As a young worship leader in college, I started dating a girl who later became my wife. As she and I grew in our relationship, we discovered that we loved serving the Lord together. She helped me with church productions and I served on the drama team that she led. When our relationship became very serious, I grew frightened at the idea of a lifelong commitment, so I broke up with her. After a few months, I realized that my life was empty without her. I knew that we had to spend the rest of our lives together. God meant for us to be together. We needed each other.
Two years after we were married, we went to serve as missionaries in Central Asia. We soon found that our personalities clashed with many of the other Americans there. We felt like we had made a terrible mistake in moving around the world to serve with these people. However, we were still learning the language and we needed their help to survive. They needed teachers for their school and they needed help in planting a church. As difficult as it was for us all, we forced ourselves to get along. For whatever reason, God had us together for that season. We needed each other.
A couple of years later, back in the U.S., I found myself working in a small church with an older pastor. As a young man with lots of energy, I worked hard and tried to implement lots of positive changes to the church’s ministry. I soon discovered, after falling into bed one night in total exhaustion, that my efforts were pointless. The pastor and I were not working together. After some time, we managed to improve our communication and started to involve each other in worship planning, special projects, and ongoing ministry. It took a long time for me to understand that God had placed both of us in the same church and therefore we could accomplish much more if we worked together. Even though we were from different generations, we needed each other.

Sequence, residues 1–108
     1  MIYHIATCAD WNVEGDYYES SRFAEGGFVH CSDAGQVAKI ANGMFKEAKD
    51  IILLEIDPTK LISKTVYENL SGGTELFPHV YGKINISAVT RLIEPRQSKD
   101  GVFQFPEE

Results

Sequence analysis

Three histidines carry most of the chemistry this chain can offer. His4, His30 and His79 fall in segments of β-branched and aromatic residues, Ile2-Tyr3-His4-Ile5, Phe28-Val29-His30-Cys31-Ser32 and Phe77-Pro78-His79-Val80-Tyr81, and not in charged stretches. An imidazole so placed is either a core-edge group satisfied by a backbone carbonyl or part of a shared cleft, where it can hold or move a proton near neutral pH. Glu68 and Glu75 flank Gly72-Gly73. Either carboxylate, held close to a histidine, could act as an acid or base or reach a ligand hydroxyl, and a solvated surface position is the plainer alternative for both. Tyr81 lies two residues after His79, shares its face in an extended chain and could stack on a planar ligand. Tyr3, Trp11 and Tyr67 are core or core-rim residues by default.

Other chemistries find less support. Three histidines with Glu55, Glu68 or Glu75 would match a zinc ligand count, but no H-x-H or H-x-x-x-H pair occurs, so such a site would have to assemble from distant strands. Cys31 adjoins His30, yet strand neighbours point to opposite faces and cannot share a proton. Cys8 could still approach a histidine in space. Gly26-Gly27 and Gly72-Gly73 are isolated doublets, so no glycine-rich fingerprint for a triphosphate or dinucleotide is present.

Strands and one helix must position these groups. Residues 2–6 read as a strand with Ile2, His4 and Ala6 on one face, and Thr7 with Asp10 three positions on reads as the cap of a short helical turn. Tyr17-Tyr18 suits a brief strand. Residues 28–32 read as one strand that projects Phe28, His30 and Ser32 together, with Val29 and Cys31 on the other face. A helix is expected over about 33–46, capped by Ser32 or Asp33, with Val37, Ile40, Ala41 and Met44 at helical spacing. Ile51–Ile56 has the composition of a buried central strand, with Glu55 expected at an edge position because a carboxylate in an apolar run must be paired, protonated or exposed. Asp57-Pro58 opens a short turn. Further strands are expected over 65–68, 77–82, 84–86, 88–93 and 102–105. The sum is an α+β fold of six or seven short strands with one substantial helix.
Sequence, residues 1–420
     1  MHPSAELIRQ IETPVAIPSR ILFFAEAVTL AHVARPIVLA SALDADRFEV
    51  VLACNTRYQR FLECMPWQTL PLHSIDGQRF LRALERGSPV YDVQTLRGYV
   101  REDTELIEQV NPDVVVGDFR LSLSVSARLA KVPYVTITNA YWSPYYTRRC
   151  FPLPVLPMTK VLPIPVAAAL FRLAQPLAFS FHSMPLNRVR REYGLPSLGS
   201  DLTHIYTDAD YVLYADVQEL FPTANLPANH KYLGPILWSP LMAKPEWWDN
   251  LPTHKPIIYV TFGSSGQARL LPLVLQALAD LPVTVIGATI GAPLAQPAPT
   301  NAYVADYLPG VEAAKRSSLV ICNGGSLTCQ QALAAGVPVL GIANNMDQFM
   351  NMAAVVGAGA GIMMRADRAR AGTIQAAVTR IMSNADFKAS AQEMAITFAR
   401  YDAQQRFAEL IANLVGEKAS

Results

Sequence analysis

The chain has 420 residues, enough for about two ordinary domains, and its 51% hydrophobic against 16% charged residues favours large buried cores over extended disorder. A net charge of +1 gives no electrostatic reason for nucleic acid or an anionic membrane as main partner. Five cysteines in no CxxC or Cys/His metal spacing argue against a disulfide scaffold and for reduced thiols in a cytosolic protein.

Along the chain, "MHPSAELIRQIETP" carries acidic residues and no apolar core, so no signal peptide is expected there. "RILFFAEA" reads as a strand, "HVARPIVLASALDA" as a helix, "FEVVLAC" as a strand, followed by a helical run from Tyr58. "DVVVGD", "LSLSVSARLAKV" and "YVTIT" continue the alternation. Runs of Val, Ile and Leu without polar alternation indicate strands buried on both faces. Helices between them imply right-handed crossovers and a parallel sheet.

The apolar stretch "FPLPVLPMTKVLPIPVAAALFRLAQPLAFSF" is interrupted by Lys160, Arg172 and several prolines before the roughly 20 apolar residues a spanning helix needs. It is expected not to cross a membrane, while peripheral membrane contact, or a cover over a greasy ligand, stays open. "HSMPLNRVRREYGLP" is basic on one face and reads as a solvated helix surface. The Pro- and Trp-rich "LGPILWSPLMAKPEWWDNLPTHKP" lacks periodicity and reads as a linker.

In all of my formal ministry training, no one ever taught me that I needed other people. My professors taught me about systematic theology, music history, and pragmatic choral procedures, but I never learned that most ministry does not take place on the stage in front of people. Hence, I never realized, until I was serving in ministry, that it’s mostly about people. I thought I had to do all the ministry myself. I thought I had to be a Christian Ministry Superman. But it’s not about me. It’s not about you. It’s about the Lord. It’s about pleasing Him. And I’ve come to understand that I can’t do it alone. Even if I worked twice as long and twice as hard, I would still need help. There will always be one more service to plan, one more soul to win, one more drummer to be find, one more set to build, one more message to plan, etc… I will never get it all done by myself. You will never get it all done by yourself.
We need each other.